An astonishing new masterpiece from the Nobel and twice Booker Prize-winning author of Disgrace and Summertime
After crossing oceans, a man and a boy – both strangers to each other – arrive in a new land. David, the boy, has lost his mother and Simón vows to look after him. In this strange new country they are assigned a new name, a new birthday, a new life.Knowing nothing of their surroundings, nor the language or customs, they are determined to find David’s mother. Though the boy has no memory of her, Simón is certain he will recognize her at first sight. “But after we find her,” David asks, “what are we here for?”
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This is a story which almost defies description. I got to the end and wasn't sure how I felt about it or, indeed, what had actually been the point of it. The story seemed unfinsihed almost as if the author had set out to write a novel with a sequel already in mind. Personally, I always find this kind of approach very exasperating. It read as a bizarre mixture of myth, fable, allegory and fantasy but it had a pared-down, elegant style which was very appealing.
Having thought about the book for a couple of weeks (and it certainly lingered in my mind) I have reached the conclusion that the story possibly was in some way a version of the story of Jesus, told in a very loose way. I am imagining that Coetzee has used the absence of information about Jesus' life from babyhood until age 13 when he reappears in the Temple as an opportunity to construct a tale of 'what if'.
An older man (Simon) and a young boy (David) arrive as refugees in a Spanish- speaking colony having escaped from a troubled country. Along the way knowledge of David's mother's wheraeabouts in the new colony have been lost; a letter giving details of his parents has been mislaid and Simon agrees to take on the boy and find his mother. He believes that intuition will guide him to identify the correct woman, and so the story starts.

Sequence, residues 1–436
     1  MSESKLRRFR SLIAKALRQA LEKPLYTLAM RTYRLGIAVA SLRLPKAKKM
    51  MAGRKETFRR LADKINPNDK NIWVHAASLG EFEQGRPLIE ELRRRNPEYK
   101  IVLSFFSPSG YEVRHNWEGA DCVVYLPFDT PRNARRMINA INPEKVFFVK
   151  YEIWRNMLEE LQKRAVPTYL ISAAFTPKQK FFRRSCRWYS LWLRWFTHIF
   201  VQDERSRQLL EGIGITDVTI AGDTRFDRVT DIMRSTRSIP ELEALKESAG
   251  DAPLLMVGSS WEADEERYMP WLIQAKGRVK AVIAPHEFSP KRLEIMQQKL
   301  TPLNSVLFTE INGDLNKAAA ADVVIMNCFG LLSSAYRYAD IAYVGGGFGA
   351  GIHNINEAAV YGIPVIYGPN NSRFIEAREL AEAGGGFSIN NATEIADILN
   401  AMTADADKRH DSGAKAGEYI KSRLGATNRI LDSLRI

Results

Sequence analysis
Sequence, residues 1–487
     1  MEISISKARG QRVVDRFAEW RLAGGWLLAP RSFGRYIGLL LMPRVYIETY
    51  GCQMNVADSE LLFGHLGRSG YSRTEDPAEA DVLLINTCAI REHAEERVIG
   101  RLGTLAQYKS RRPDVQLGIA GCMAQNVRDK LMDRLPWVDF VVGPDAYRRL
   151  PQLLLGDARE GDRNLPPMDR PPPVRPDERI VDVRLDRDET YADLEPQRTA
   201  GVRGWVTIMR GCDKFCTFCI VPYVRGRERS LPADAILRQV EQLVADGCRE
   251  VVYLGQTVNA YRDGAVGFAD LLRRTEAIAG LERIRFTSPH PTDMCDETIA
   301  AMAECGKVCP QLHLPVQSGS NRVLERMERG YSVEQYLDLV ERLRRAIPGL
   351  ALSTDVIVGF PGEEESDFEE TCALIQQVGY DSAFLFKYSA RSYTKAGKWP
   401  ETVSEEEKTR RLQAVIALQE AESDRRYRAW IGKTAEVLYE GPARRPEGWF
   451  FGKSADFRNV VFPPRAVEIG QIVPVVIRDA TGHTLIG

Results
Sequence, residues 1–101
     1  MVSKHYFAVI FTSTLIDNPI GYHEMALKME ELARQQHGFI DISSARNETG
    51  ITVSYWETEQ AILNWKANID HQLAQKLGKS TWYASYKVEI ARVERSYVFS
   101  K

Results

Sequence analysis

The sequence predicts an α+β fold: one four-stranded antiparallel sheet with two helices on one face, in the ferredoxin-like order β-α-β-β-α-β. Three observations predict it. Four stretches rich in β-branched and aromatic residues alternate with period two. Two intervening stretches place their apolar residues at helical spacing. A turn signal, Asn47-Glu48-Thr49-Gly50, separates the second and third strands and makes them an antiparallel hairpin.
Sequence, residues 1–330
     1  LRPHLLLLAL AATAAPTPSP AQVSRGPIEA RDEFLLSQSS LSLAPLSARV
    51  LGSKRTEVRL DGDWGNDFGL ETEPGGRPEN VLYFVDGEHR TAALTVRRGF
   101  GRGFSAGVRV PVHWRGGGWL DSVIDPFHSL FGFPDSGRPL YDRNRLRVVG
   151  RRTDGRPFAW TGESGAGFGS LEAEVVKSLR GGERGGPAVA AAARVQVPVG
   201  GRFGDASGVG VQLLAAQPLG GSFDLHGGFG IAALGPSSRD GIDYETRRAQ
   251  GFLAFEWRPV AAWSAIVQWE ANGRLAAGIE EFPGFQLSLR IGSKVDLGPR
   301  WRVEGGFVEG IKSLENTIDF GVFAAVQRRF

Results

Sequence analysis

The remainder of the story covers how the pair come to find a home, friends, work and a woman who Simon rather rashly chooses for David's mother. The story ends with the three main characters escaping from the colony after a brush with the authorities over David's education and setting off on a road trip to find a better place of shelter.
The boy David is both engaging and puzzling. He shows signs of brilliance and somewhat miraculous behaviour at times; elsewhere in the story he is less appealing, difficult and ungrateful. Simon is both naive and idealistic, but practicalities eventually overcome hisbasic nature and he forms an enduring, supportive relationship with the boy. David attracts oddballs and hangers-on and his relationship with his new mother is fraught with difficulty.
There is indeed a sequel, I have discovered and I enjoyed the book enough to follow it up. But if you like books to be clear-cut and explanatory, this is probably not a story for you. if you fancy trying something challenging, then give this a go.